When you break it down this way, it’s hard not to conclude that these are steep costs for single-use effects. Compare spending 30pts to give +2 attacks to command stands within 12”, to the Dweghom Remembrance of the Core, a single-use item which gives +1 attack to every command stand in the army regardless of range for one round, and costs only 10pts.
In the one game I’ve played with the Sepulchre, I built the army to try to be able to use all of the possible Exhortations over the course of the game, but instead spent thirty-five wounds causing hits to the enemy over three rounds, then running off to an objective (well, waddling off to an objective) for the last few rounds. It took some lining up but I was able to land very close to ideal hits on all three bombs, and… it was pretty ok? It almost certainly did less sustained damage over the course of a game than a unit of Karyatids would, and it also didn’t ‘pay’ for itself (but this is a bad metric by which to measure the success of a unit) – but it dealt some big bursts of explosive power in specific places at times that really mattered, contributing to the shattering of an enemy unit in one case and blowing out an enemy aura of death unit before one of my units had to engage in another. These were high impact effects that were less susceptible to the vagaries of dice, range or line of fire than a normal ranged attack would be, and which can’t be stopped by just running to engage a unit like Karyatids would be.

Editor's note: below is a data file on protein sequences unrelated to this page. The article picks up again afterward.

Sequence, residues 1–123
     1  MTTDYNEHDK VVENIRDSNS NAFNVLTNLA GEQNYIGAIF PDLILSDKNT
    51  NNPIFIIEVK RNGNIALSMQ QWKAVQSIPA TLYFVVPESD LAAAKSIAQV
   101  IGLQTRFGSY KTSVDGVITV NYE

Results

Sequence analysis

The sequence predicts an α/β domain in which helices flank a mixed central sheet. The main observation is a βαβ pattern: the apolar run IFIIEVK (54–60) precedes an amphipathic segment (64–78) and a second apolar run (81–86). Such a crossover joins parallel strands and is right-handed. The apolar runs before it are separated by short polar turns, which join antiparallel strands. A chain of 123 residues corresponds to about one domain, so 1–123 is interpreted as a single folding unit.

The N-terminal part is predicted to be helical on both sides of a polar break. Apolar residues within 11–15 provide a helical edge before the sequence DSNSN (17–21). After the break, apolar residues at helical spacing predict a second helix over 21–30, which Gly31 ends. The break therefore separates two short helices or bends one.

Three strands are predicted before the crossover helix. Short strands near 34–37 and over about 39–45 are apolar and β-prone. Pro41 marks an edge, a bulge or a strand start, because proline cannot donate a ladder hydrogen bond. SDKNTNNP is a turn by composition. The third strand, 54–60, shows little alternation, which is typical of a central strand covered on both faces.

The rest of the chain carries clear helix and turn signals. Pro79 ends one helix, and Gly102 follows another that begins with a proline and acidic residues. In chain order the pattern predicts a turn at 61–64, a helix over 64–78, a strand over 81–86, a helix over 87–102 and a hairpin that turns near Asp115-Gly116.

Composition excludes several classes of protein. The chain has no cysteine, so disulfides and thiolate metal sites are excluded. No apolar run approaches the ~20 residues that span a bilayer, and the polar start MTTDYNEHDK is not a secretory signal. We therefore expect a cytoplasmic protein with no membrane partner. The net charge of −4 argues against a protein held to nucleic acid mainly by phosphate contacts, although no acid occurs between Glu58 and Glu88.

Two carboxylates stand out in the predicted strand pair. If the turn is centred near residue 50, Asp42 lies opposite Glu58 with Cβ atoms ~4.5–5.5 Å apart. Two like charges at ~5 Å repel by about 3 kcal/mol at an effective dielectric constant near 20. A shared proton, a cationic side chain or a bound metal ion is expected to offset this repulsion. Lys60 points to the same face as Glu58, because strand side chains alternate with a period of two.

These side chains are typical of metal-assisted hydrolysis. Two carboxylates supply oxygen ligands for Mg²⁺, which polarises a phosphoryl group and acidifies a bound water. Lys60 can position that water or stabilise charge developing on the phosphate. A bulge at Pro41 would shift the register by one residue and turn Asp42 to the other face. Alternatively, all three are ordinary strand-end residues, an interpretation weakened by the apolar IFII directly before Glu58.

At a hunch, I don’t think this was the experience the designers were going for. It’s an interesting effect, and a powerful one (albeit at a premium, given the points cost), but there are so many sentences of rules that can mostly be glossed over in terms of actual use case. The Sepulchre isn’t bad, but I also wouldn’t be surprised if we see another rules pass on it before it sees model release.
Let me open this section by saying: the Old Dominion has no bad heavy units. All our heavies are good, and the way Old Dominion plays with an emphasis on getting stronger over time and keeping our eye on the late game means that heavy regiments play perfectly into our game plan. Not every list can or should be ‘all heavies all the time’ (if nothing else, the scenario challenges posed to such a list are very real), but our heavies – Bone Golems included – are good.
Bone Golems are strong, fast, and durable. The closest thing they have to a drawback is the degree of randomness in their attacks (being Clash 2 with Relentless Blows is mathematically equivalent to being Clash 3, but in practice it means you’ll have a lot more peaks and valleys in your attacks), but they make up for that by being consistently durable, able to reroll charges, and having a powerful Aura of Death.